Imagine installing a security camera video system in your home for protection only to discover your private activities are out there for all to see.
Video feeds from some home user’s Internet security cameras are being viewed by others around the world, including bathroom scenes and children’s rooms. This is happening due to a coding error that is part of the security camera’s software.
I would not want to be the programmer that goes down for this error.
The flaw in the TrendNet security cameras was discovered after word of the shared footage spread on various message boards and blogs over the past month.
The BBC reports that messages about the flaw included:
“Someone caught a guy in Denmark (traced to ip) getting naked in the bathroom.” Another said: “I think this guy is doing sit-ups.”
Another user wrote, “baby spotted,” causing another to comment, “I feel like a pedophile watching this.”
California-based TrendNet said it learned of the problem on Jan. 12, and told the BBC that it’s in the process of releasing software updates to fix the problem.
The company is also emailing those owners who registered their cameras. As to how many are affected, it’s not clear; a company spokesman said it could be fewer than 1,000 consumers in the United Kingdom and globally “most likely less than 50,000.”
I hope for the company’s sake, not too many U.S. consumers were affected. The U.S. is such a litigious country and you can just see the lawsuits mounting now.
The Verge, a tech website, carried an extensive report about the exploit last Friday.
The vulnerability was first noted on a blog Jan. 10. Said the BBC:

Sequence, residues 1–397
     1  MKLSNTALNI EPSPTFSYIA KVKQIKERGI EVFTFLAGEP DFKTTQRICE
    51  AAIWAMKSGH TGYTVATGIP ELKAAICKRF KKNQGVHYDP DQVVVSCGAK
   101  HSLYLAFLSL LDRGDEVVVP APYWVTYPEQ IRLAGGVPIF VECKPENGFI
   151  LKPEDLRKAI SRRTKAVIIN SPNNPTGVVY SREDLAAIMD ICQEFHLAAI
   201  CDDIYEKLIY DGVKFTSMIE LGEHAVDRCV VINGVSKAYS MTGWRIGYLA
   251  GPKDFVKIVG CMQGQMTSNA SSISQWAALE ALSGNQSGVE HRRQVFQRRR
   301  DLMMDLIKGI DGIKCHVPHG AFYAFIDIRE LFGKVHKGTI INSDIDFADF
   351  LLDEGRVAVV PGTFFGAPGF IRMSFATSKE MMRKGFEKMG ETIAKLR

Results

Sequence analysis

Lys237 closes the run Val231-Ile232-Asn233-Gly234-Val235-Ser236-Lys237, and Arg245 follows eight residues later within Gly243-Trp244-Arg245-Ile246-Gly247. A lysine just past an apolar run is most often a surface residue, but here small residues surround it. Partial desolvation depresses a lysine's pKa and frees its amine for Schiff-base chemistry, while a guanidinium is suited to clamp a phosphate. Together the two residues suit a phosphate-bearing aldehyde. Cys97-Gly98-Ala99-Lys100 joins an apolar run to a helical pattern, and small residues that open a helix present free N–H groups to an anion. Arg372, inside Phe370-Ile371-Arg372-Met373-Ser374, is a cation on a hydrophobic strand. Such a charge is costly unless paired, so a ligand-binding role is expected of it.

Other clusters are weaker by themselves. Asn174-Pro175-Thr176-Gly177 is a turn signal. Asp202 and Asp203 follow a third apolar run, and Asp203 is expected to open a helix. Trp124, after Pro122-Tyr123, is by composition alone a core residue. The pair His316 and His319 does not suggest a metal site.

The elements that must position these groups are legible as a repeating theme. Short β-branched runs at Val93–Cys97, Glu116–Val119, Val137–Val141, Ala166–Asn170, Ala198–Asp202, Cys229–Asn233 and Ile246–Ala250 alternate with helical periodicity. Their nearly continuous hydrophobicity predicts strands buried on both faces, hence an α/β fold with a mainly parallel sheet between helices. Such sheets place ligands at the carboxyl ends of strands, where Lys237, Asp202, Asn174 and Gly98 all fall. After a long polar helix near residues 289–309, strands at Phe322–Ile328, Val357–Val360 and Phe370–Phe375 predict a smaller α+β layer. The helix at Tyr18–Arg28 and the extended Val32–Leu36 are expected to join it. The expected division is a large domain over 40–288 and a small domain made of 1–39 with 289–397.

- The author discovered that after setting up one of the cameras with a password, its video stream became accessible to anyone who typed in the correct net address.
- In each case, this consisted of the user’s IP address followed by an identical sequence of 15 characters.
- The writer then showed how the Shodan search engine — which specializes in finding online devices — could be used to discover cameras vulnerable to the flaw.
TrendNet said it expects to have revised firmware available this week. On Monday, the company posted the following warning on its website informing users of the specific camera models and versions that have the problem:
It is TrendNet’s understanding that video from select TrendNet IP cameras may be accessed online in real time. Upon awareness of the issue, TrendNet initiated immediate actions to correct and publish updated firmware which resolves the vulnerability.
“We are scrambling to discover how the code was introduced and at this point it seems like a coding oversight,” a company spokesman told the BBC.
Read story@ msnbc